May I pitch in here, to say how grateful I am to you for writing about my Cheltenham concert last Sunday. I am also grateful for any debate that arises from my commissioning project, but I am surprised to be accused of claiming that expressions of love belong exclusively to the Romantic Era. In the introduction that you quote from, I wrote: ‘Love songs can be found, of course, in music across the world and across the centuries, but the idea of songs without words for piano conjures up an image of something belonging far more to the nineteenth century than to the twenty-first’. Could you be a bit more specific about why you feel that statement is ‘the rankest, fallacious nonsense’, given that I am talking about a particular genre of piano music, not about love music in general? If there is a repertoire of contemporary piano pieces out there that can be described as ‘love songs’ maybe you could point me in the right direction. Google hasn’t taken me much further than Richard Clayderman….

I am glad to hear about the Ensemble Recherche album that you mention, which, although not a solo piano album, does feature love songs without words. It seems that the Ensemble’s mission statement is quite unequivocal. The ‘product description’ goes as follows:

‘During preparations for their 25th anniversary in 2010, the ensemble recherche came to the conclusion that there are no love songs anymore!’ So they requested such pieces for the celebration from various composer friends.’ I wonder what you make of their claim…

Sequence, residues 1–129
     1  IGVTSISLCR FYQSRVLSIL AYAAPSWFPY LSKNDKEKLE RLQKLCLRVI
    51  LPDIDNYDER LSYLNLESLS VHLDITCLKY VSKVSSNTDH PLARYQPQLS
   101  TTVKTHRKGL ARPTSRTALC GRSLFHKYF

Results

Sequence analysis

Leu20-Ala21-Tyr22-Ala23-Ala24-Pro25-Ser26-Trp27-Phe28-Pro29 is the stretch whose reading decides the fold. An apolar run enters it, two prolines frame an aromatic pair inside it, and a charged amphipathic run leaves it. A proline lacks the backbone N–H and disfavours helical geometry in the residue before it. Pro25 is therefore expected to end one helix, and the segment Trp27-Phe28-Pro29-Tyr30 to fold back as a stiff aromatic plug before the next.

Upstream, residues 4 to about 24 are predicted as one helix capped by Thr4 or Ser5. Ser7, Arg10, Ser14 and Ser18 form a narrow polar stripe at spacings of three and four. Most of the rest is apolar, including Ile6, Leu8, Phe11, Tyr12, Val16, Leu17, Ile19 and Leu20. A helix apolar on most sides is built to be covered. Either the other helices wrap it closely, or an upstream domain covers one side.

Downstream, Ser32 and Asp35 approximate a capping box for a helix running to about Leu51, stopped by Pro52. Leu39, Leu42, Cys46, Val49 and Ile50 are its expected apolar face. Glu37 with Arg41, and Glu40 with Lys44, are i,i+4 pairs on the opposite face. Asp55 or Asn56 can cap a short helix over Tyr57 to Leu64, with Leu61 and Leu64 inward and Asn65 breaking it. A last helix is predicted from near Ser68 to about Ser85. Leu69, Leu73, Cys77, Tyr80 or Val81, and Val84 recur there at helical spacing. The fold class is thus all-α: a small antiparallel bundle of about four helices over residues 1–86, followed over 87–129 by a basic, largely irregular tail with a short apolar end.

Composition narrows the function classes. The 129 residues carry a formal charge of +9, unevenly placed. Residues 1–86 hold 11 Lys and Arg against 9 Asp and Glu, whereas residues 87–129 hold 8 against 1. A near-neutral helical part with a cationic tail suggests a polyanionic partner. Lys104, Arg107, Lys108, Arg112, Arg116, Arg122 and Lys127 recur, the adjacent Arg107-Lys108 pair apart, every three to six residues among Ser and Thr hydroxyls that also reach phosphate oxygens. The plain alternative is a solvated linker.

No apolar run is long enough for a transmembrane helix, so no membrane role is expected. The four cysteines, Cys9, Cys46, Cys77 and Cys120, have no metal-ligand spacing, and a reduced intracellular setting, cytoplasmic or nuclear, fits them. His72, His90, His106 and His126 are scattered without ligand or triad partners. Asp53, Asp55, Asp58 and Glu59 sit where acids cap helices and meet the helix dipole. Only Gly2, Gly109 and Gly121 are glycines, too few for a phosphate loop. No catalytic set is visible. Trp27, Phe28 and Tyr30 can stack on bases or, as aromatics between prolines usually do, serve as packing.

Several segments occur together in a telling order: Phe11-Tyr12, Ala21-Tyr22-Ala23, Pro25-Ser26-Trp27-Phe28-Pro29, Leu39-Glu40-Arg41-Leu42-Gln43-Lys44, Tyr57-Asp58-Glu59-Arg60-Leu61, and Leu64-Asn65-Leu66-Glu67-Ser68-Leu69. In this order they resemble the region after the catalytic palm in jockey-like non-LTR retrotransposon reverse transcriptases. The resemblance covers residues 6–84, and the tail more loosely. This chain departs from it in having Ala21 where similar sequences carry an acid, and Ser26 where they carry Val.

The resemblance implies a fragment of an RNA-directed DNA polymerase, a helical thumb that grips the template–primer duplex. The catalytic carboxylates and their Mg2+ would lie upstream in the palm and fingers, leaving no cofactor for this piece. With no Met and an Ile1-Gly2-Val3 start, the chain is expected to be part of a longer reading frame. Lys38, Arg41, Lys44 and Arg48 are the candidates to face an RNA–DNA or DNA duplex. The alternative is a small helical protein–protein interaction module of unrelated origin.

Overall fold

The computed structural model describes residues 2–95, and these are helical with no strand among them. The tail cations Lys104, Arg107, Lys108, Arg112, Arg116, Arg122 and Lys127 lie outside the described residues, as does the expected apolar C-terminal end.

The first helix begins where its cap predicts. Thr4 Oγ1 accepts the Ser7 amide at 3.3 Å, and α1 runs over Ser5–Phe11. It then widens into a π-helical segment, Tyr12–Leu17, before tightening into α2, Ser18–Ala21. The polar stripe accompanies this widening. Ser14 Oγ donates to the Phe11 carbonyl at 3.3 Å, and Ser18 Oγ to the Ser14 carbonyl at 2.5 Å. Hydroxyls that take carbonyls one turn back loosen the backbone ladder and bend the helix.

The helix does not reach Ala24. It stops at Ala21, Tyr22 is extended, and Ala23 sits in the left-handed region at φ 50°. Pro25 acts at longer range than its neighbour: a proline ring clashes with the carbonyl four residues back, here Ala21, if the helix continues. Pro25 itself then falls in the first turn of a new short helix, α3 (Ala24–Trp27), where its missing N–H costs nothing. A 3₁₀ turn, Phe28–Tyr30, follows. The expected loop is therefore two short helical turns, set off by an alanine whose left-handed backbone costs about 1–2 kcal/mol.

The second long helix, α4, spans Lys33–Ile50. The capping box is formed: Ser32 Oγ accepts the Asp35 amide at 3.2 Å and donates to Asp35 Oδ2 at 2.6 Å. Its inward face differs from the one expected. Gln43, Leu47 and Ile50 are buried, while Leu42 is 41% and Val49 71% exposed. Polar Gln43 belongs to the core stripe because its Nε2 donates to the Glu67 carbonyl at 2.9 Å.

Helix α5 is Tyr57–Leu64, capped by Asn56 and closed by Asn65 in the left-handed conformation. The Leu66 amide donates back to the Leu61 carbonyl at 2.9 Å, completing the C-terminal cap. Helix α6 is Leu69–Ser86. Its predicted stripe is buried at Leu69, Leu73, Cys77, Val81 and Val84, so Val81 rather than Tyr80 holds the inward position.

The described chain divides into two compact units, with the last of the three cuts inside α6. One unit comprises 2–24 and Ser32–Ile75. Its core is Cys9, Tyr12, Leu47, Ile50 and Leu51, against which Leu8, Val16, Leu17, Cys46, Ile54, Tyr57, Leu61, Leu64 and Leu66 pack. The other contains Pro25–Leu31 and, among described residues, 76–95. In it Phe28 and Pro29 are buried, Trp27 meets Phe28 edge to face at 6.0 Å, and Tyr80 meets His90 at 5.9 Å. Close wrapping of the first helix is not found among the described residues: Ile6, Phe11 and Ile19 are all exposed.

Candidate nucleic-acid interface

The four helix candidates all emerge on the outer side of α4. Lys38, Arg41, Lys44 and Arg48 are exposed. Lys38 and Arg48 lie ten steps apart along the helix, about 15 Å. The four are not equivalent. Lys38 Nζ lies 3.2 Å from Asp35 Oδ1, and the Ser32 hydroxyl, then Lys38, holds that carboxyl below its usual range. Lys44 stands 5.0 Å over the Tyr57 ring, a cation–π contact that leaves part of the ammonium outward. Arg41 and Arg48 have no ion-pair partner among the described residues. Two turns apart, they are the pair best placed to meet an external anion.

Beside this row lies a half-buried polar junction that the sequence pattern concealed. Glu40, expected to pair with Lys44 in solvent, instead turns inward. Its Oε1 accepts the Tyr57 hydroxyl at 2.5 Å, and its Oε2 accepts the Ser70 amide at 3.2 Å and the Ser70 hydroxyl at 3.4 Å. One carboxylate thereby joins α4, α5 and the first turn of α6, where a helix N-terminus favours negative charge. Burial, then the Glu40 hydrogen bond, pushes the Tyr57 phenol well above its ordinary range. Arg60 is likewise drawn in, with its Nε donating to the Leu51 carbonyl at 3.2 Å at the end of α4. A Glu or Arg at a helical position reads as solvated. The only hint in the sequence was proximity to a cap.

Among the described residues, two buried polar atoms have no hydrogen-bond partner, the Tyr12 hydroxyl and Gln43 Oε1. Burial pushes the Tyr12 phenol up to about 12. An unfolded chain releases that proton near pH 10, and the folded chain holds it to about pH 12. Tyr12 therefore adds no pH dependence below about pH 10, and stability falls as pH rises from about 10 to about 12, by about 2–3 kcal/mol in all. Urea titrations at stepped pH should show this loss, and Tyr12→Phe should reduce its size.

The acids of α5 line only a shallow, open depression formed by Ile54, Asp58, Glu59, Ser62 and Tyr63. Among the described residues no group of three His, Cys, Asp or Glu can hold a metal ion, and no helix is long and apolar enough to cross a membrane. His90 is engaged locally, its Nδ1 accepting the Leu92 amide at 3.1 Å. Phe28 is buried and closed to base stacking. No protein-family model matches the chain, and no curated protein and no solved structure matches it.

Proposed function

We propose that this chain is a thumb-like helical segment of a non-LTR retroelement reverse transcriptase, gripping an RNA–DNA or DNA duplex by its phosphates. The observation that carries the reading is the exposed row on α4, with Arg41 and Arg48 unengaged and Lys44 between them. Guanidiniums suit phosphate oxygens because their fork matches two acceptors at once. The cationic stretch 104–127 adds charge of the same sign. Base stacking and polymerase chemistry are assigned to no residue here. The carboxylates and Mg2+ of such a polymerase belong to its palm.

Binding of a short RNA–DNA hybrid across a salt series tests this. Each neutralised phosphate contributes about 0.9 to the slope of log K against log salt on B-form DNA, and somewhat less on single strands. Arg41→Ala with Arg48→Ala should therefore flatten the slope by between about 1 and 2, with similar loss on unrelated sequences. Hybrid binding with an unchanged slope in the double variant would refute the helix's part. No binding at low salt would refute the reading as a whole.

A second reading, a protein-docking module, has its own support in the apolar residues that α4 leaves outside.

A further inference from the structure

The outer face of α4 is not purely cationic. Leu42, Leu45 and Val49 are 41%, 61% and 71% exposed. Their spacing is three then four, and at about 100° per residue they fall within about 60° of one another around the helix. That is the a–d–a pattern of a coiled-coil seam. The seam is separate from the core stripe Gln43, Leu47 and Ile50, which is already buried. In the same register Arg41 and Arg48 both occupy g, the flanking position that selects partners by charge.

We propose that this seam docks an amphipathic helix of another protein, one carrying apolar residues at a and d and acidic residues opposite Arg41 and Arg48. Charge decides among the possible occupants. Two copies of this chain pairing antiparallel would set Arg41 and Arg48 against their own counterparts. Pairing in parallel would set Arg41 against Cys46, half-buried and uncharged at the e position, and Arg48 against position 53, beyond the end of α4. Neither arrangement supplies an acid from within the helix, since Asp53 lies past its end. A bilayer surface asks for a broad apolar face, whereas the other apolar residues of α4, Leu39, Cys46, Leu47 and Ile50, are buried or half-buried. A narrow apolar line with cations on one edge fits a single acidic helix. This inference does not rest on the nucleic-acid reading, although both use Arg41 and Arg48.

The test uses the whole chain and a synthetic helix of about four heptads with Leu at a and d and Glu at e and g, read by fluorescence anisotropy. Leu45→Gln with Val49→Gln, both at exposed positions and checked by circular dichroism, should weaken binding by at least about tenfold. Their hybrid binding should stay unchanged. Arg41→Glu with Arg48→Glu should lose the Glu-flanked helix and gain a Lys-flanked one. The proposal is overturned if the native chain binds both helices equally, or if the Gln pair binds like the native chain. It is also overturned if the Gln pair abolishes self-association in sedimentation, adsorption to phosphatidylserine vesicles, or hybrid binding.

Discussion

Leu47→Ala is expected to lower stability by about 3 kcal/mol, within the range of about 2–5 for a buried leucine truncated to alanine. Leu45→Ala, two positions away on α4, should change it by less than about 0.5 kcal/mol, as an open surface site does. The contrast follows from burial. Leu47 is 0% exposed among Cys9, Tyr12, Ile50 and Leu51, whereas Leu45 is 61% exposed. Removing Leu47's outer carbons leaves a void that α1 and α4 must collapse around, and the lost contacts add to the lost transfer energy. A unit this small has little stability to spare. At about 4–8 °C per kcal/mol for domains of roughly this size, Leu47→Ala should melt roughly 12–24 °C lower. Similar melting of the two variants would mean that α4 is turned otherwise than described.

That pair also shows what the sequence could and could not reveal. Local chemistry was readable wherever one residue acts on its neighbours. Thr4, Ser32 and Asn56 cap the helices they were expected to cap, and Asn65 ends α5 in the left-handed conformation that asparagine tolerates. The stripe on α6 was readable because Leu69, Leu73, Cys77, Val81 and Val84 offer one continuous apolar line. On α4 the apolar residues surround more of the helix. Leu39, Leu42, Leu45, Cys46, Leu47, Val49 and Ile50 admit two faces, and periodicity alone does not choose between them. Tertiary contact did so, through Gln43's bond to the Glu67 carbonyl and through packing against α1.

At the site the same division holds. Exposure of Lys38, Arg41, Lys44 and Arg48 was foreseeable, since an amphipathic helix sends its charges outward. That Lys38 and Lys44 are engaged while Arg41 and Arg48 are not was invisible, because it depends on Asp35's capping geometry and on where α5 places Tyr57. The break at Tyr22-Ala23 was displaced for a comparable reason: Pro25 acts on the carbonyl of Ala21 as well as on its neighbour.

My own project to commission a large number of piano ‘love songs’ from living composers (which, incidentally, took me hundreds of unpaid hours of fundraising and administration before I started learning them all) is in fact motivated by a desire to show that composers DO write about love these days. It is an attempt to open a door for people (I have met many) who believe that contemporary music doesn’t engage the emotions. As a performer I have been involved in over 100 commissions and have spent over 35 years trying to bring contemporary music to a wider audience. Suggestions of how I can do this better would be welcome, but please don’t attribute views to me that I don’t actually hold!

Chris L

Sorry, me again. It strikes me that the “offending” choice of words above is “…belonging…to…”, which may not have been intended to imply that the song without words for piano should be considered an exclusively 19th-century phenomenon, but certainly can be read that way; and that if this were replaced with something much more clearly value-neutral, such as “…associated…with…” (which in fact paraphrases you, Simon), the essential sense of William’s statement would be preserved without giving rise to grounds for dispute.

[…] pieces: a 2011 arrangement of Purcell’s Chacony in G minor (which i loved), Camille: a short lovesong for solo piano (which i found charming), and his hour-long choral work Path of Miracles (which pretty much blew me […]